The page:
Between 6000 and 2000 BCE, the first discoveries of natural gas seeps were made in the Middle East. The gas seeps, probably first ignited by lightning, created a fire coming from the earth, burning the natural gas as it seeped out from underground.

In 211 BCE, the first known natural gas well was drilled in China to reported depths of 150 meters (500 feet). The Chinese drilled their wells with bamboo poles and primitive percussion bits for the express purpose of searching for gas in limestones.

Naturally occurring natural gas was discovered and identified in America as early as 1626, when French explorers discovered Native Americans igniting gases that were seeping into and around Lake Erie.

In 1659,natural gas was discovered in England, but not widely used instead, gas obtained from carbonized coal (known as town gas) became the primary fuel for illuminating streets and houses.

Britain was the first country to commercialize the use of natural gas in 1785. Natural gas produced from coal and was used to light houses, as well as streetlights.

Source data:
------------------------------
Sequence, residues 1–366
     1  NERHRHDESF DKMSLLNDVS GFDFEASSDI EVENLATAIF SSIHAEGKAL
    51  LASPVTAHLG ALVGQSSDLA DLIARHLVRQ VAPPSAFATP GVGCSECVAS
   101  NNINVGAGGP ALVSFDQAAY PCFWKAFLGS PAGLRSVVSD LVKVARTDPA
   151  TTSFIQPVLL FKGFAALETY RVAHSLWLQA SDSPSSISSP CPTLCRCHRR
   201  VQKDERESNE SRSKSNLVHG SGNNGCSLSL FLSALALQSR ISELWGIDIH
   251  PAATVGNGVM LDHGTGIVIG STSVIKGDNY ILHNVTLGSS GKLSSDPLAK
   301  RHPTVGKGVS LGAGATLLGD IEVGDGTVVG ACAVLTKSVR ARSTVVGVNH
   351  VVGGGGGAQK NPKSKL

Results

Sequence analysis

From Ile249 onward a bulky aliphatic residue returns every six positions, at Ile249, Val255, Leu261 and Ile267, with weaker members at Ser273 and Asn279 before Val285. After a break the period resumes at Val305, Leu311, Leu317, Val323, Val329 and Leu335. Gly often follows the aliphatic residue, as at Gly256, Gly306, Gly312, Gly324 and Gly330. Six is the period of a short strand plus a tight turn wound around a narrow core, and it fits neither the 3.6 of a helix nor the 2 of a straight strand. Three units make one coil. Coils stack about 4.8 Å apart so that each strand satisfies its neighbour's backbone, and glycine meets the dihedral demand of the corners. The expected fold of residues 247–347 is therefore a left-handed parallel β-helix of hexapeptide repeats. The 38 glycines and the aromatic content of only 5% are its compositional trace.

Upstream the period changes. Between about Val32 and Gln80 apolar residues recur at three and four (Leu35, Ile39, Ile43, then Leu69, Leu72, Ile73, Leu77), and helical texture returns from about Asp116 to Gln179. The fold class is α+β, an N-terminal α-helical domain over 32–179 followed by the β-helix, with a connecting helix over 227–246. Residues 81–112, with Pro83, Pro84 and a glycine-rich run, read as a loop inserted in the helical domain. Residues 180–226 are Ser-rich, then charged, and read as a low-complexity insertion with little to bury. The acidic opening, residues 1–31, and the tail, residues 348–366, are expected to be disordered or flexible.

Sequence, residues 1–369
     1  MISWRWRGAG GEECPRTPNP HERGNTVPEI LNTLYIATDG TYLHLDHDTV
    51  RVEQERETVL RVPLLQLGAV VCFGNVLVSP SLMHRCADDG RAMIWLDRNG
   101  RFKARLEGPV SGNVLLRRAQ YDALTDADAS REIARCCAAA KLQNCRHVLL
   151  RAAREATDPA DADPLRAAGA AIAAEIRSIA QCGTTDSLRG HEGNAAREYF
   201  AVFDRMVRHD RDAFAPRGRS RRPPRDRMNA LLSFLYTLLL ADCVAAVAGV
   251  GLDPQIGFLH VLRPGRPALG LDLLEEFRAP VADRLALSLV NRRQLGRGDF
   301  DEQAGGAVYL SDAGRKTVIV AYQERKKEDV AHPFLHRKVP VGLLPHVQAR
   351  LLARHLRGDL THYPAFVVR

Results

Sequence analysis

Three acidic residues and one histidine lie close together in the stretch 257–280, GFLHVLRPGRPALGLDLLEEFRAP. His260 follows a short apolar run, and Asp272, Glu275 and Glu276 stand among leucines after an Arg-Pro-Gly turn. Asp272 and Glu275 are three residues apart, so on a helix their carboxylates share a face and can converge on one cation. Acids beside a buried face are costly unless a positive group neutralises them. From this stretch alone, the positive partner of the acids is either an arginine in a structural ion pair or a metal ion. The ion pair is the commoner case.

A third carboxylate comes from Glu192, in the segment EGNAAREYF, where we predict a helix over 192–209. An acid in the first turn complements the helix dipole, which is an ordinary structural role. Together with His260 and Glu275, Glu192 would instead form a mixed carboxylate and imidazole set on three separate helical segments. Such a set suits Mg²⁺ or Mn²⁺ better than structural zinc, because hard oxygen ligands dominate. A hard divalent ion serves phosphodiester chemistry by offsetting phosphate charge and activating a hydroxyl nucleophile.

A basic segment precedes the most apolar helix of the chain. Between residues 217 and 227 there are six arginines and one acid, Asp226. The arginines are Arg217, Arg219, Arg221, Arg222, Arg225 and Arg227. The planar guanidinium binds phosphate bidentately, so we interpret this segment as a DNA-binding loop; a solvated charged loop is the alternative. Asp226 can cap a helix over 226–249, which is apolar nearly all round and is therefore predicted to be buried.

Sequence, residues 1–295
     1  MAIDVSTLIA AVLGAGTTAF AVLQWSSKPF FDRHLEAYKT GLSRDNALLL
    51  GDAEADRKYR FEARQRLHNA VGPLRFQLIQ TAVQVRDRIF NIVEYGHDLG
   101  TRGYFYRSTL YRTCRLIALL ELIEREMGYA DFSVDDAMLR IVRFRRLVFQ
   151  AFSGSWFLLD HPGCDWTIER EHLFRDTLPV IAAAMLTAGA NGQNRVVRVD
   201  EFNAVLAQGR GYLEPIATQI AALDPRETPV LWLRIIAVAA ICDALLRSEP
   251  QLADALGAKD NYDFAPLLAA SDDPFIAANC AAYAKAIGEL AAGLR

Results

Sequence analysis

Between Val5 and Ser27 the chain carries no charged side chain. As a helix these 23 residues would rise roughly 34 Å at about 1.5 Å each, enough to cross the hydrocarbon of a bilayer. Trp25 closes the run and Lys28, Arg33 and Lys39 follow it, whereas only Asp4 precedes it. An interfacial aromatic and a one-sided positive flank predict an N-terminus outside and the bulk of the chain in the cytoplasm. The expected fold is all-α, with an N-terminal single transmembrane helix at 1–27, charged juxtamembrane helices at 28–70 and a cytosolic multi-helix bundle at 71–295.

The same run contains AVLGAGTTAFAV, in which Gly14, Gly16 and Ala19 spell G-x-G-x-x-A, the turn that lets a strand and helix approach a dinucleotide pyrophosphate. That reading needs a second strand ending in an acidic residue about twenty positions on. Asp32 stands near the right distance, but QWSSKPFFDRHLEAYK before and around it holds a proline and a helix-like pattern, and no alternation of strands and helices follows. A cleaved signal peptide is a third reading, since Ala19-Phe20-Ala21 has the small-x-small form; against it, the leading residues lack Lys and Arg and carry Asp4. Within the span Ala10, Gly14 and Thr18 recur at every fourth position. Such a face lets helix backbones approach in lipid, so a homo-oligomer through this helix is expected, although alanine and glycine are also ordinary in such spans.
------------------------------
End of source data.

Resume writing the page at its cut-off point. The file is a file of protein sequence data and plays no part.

In the US, the first commercial application of a petroleum product in 1821 was the utilization of natural gas from a shallow well in New York. The gas was distributed through a small-bore lead pipe to consumers for lighting and cooking.

In 1859, Colonel Edwin Drake (a former railroad conductor) dug the first well. Drake hit oil and natural gas at 69 feet below the surface of the earth.

Robert Bunsen invented the Bunsen burner in 1885. The device mixed natural gas with air in the right proportions, creating a flame that could be safely used for cooking and heating. 

In the 19th century, the use of natural gas remained localized because there was no way to transport large quantities of gas over long distances.

In 1891, the first major pipelines were constructed. This pipeline was 120 miles long and carried natural gas from wells in central Indiana to the city of Chicago. However, this early pipeline was not very efficient at transporting natural gas.

Advances in pipeline technology in the late 1920s made long-distance gas transmission practical. From 1927 to 1931 more than 10 major transmission systems were constructed in the US.

Following World War II many longer and wider pipelines were constructed with diameters of up to 150 (cm 60 inches).

Since the early 1970s, the longest gas pipelines have been in Russia.